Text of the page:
Online ratings and other user feedback aren't that useful
A view from Helen Edwards

Online ratings and other user feedback aren't that useful

Online user ratings and the extent to which consumers trust them as indicators of objective quality aren't as closely related as marketers may think.

Feedback. Who needs it? Or, more precisely, who needs it in its modern form, delivered digitally, shared globally, ossified for all time and crystallised by coarse star ratings?

The more informal, diffuse and indirect kind has always been there. It’s called the marketplace. If they’re queuing in the rain outside the establishment next door while your place is empty, that’s feedback. If volume share starts slipping, you know you have to improve at least one aspect of the product/price mix.

The market itself was a language and behind it were the literal voices of people talking to one another, occasionally sharing good or bad experiences of products and services they’d just tried. Word of mouth was the invisible, unmonitored network of millions of tiny interactions – the nervous system that modulated the market’s expressiveness. It could be perceived but it couldn’t be chased.

There is no way to know if reviews and ratings are motivated by commercial interest. And no way of assessing whether a post would ever be taken seriously if you could just get a glimpse of the person behind it.

Today’s marketers actively chase something they call eWOM, seeking to keep it ever-more positive. But the resonance in nomenclature is misleading, since the differences between this and classical word of mouth – let’s call it cWOM – are legion and lead to opposite outcomes.

With cWOM, the dialogue was face-to-face. The recipient, therefore, had a means of assessing its validity: they knew if the person had a vested interest or whether their pronouncements were generally best taken with a pinch of salt.

The anonymity afforded by eWOM – with artificial usernames rife – is its notorious Achilles heel. There is no way to know if reviews and ratings are motivated by commercial interest. And no way of assessing whether a post would ever be taken seriously if you could just get a glimpse of the person behind it.

Moreover, cWOM was time-sensitive. The fragments would be shared informally and disappear into the ether. A comment in the pub, a don’t-touch-that-brand-with-a-bargepole in the canteen, an intimate, shared recommendation between two friends. There and gone. If opinions subsequently changed, so did the timbre of the conversation.

Conversely, eWOM preserves stale hates or loves forever, digitally and ludicrously ossified long after their purpose has been served – and, if hostile, a permanent blemish on the target brand, whatever improvements it might since have made.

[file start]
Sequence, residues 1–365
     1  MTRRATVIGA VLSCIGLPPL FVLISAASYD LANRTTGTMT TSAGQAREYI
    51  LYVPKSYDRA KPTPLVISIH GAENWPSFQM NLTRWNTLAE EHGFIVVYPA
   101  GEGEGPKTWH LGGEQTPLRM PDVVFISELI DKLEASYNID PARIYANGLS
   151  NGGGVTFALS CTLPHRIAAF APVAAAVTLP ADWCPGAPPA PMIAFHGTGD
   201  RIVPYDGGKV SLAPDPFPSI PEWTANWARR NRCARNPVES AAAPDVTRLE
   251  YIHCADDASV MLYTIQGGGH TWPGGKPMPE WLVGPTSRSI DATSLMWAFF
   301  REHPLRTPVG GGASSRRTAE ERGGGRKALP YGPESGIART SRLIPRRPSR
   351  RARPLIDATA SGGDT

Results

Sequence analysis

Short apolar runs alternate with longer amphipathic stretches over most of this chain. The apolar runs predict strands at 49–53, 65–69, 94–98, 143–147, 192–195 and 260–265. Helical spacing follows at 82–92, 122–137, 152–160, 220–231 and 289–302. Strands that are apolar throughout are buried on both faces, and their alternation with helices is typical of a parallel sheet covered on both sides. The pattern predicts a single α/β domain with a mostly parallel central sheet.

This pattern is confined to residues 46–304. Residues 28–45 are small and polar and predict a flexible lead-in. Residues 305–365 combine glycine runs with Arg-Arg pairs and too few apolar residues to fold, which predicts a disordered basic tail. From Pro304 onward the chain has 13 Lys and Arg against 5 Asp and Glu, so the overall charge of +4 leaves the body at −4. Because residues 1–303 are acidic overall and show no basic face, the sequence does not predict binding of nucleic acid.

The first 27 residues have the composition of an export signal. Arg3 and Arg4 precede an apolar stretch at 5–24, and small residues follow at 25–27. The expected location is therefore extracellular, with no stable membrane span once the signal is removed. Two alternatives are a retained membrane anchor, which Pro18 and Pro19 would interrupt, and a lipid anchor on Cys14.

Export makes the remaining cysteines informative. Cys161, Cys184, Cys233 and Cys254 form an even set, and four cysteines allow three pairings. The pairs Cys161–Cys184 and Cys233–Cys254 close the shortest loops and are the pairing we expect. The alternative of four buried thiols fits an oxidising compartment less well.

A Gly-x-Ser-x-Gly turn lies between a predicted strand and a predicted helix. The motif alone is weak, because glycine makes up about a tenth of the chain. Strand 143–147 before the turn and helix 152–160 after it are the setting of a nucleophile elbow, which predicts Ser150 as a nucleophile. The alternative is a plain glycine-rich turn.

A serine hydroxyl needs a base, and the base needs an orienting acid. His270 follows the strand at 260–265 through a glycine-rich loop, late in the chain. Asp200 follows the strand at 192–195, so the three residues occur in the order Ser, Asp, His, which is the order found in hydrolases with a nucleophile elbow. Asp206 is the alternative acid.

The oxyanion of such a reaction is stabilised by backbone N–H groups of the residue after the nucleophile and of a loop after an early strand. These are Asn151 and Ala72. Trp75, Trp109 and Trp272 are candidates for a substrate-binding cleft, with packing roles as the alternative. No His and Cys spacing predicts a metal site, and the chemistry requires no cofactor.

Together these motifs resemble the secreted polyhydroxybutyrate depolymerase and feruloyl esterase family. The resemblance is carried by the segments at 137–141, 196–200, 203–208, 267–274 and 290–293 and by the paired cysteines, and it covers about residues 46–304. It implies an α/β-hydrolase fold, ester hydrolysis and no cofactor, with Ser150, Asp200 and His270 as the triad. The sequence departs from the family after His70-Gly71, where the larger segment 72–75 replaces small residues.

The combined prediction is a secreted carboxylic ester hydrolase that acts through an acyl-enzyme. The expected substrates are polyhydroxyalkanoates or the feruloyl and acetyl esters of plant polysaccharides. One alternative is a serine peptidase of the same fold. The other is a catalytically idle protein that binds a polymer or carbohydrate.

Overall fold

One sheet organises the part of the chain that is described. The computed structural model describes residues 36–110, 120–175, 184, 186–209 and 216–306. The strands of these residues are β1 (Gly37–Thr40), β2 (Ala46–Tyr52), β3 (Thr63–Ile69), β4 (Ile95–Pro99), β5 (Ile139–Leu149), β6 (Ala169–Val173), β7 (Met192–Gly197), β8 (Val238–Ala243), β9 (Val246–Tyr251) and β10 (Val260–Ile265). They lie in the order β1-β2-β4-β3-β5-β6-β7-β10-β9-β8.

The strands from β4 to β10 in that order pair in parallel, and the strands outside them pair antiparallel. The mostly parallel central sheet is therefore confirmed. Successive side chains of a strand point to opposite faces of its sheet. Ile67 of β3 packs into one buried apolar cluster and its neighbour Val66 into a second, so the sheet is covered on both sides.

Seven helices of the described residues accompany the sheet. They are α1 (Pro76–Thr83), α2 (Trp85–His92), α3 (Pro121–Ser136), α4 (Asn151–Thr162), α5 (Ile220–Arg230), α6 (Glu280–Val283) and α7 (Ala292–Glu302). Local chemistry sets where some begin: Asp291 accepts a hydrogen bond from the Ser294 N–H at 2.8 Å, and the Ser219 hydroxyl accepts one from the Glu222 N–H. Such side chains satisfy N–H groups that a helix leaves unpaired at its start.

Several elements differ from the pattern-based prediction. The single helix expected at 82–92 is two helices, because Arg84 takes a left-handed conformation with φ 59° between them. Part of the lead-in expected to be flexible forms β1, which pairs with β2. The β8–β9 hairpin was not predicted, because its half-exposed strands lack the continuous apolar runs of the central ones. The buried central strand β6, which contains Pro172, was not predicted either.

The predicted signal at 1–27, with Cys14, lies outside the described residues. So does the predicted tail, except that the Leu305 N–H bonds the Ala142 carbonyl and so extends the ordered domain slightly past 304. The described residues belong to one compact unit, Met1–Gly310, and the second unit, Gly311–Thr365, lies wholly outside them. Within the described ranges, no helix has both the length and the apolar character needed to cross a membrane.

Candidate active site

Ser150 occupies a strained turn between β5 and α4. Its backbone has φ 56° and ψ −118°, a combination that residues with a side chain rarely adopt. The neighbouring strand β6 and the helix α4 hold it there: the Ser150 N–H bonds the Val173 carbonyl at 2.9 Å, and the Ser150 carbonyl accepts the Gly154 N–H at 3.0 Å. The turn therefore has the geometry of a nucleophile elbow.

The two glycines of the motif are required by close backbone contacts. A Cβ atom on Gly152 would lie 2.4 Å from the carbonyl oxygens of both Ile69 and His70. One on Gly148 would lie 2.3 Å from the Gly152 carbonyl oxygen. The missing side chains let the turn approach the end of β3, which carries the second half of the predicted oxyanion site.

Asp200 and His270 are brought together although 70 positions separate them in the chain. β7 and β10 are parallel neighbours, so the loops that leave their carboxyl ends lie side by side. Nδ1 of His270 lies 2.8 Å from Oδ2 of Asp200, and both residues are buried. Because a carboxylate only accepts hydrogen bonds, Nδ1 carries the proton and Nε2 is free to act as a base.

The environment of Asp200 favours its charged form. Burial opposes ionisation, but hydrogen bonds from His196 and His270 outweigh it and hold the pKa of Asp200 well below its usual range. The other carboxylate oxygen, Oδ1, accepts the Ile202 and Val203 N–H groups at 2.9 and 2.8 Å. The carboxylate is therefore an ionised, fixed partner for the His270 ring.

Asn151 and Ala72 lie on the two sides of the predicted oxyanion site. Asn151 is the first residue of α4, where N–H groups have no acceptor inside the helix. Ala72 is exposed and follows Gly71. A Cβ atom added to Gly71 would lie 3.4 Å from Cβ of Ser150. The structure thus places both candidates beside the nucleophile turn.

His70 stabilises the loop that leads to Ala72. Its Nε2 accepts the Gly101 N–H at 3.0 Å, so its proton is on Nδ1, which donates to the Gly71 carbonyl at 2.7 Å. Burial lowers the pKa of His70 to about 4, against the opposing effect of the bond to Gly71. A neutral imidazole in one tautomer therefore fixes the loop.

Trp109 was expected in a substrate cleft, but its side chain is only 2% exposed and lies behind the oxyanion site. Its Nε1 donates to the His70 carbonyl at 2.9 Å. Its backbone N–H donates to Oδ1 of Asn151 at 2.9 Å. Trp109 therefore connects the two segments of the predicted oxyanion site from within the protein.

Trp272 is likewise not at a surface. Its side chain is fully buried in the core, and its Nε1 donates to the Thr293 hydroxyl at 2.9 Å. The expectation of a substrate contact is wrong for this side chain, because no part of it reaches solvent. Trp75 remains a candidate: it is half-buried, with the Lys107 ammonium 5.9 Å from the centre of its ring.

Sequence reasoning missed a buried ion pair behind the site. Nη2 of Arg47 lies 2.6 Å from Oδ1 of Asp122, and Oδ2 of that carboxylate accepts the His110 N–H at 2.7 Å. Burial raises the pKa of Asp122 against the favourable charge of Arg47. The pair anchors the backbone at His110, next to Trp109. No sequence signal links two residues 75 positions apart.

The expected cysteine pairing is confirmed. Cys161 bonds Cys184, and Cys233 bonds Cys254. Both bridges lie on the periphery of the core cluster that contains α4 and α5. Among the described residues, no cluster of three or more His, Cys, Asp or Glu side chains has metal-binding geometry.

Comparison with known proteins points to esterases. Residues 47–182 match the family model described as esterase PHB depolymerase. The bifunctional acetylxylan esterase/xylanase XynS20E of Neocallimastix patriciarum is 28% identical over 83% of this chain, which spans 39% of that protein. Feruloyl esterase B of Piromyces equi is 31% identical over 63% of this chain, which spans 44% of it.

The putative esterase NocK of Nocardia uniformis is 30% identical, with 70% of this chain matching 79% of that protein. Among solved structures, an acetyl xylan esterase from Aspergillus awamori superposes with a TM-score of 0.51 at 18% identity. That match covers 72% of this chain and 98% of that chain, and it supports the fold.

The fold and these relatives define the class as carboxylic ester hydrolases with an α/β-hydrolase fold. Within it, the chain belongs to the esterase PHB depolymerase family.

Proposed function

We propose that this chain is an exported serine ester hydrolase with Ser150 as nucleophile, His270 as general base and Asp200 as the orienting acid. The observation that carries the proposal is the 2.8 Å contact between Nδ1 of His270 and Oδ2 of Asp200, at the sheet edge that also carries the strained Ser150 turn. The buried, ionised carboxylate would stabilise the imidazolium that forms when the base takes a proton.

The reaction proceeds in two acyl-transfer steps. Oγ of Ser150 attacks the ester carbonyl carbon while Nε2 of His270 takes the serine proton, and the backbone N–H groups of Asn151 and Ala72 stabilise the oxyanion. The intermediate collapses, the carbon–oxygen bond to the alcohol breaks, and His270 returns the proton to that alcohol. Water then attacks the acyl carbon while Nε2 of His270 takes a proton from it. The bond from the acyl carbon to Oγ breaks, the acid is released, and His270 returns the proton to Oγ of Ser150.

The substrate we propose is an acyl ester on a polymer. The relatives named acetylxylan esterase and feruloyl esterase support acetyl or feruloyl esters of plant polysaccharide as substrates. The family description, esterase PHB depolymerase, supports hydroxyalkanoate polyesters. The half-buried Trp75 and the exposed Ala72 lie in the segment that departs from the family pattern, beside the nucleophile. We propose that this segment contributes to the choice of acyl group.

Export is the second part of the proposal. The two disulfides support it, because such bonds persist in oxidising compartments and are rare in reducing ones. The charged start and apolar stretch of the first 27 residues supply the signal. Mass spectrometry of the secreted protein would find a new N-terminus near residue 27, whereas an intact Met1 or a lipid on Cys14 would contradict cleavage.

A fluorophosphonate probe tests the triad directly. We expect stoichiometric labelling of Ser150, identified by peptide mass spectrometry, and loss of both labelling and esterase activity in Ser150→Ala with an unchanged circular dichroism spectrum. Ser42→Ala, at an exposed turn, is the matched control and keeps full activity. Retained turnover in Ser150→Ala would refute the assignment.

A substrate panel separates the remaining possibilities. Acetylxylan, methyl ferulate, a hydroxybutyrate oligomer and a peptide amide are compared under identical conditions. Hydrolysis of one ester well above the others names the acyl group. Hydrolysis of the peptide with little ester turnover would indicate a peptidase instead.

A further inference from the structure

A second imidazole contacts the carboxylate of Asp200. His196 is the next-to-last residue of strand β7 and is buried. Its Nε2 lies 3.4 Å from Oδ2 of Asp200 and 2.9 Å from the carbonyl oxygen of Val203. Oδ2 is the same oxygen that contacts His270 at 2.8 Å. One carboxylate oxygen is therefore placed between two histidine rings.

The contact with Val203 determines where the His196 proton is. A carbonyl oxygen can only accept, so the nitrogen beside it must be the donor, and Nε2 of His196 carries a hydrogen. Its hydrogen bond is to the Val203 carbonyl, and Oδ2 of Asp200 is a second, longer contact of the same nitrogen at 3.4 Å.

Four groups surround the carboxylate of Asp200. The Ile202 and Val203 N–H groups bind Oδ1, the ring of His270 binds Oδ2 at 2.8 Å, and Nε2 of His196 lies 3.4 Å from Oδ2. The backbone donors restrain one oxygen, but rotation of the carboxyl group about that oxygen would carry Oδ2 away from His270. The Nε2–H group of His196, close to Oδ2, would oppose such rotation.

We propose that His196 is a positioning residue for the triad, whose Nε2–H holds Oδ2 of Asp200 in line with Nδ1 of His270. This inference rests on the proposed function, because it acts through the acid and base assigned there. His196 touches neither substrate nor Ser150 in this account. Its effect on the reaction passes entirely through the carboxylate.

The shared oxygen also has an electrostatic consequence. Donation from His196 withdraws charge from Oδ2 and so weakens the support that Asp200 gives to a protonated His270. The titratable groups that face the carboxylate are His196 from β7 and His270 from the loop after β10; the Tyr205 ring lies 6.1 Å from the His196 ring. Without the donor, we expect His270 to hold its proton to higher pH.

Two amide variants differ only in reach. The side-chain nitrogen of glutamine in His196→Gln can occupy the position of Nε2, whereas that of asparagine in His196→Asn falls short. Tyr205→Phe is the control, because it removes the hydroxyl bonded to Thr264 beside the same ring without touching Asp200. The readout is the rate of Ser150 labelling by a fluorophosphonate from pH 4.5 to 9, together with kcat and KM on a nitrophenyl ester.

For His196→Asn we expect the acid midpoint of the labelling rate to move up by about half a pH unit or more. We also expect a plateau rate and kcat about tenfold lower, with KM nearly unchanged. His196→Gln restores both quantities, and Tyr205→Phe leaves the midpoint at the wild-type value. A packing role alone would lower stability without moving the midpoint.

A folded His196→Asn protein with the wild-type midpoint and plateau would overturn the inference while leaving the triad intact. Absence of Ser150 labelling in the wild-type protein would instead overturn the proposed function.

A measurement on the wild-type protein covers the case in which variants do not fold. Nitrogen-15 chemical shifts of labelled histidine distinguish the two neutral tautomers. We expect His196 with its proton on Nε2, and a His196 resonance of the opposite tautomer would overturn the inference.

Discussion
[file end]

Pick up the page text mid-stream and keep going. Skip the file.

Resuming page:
Most significant of all, marketers couldn’t eavesdrop on cWOM. That meant they couldn’t seek to influence it directly but, instead, had to do the much more helpful thing of keeping standards high in order to keep it positive.

The modern practice of hounding, cajoling or bribing customers to give positive digital feedback achieves the opposite effect by taking management eyes off the substantive product or service.

It could be argued, of course, that none of this really matters if digital user feedback is providing consumers with more balanced information and helping them reach better consumption decisions. The trouble is, the opposite is true.

In a 2016 study from the University of Colorado (see below), the team isolated average user ratings for 1,272 products in 120 categories and compared them with evidence-based quality scores from Consumer Reports (the US equivalent of Which?).

The Colorado Study

The paper, "Navigating by the Stars: Investigating the Actual and Perceived Validity of Online User Ratings", was published in the Journal of Consumer Research in 2016.

The team analysed a data set of 344,157 online user ratings for 1,272 products and compared them with objectively derived quality scores.

They discovered that, for any two randomly chosen products, the chance of the one with the higher user rating being the one with the higher objective quality score was just 57% – close to what would be achieved by chance.

The authors concluded that there is "a substantial disconnect between the objective quality information that online user ratings actually convey and the extent to which consumers trust them as indicators of objective quality".

What they discovered was astounding: the two are virtually uncorrelated. More crucially, average user ratings are not predictive of resale value (where relevant) – whereas Consumer Reports scores are. The tendency of consumers to "put enormous weight on the average user rating" is costing them money.

So who needs feedback? The feedback industry does – TripAdvisor, Yelp, Angie’s List and all the others that turn consumer opinion into corporate profit. Taken as a whole, I give this bunch a two-star score.

Here’s what they need to do to improve on that:

  • Warn on sample size. The US study noted that people are blind to the unreliability of small samples. The industry could use lighter-weight typography, or weaker icons, for average user ratings derived from a non-significant sample.
  • Banish anonymity. Or, at the very least, get people to declare that they have no commercial interest before letting them hold forth.
  • Cull ancient ratings and reviews.

That might get you guys up to a "three" rating. Still well short of the five-star splendour of the language of the marketplace and classical word of mouth.

Helen Edwards is a former PPA business columnist of the year, has a PhD in marketing, an MBA from London Business School and is a partner at Passionbrand

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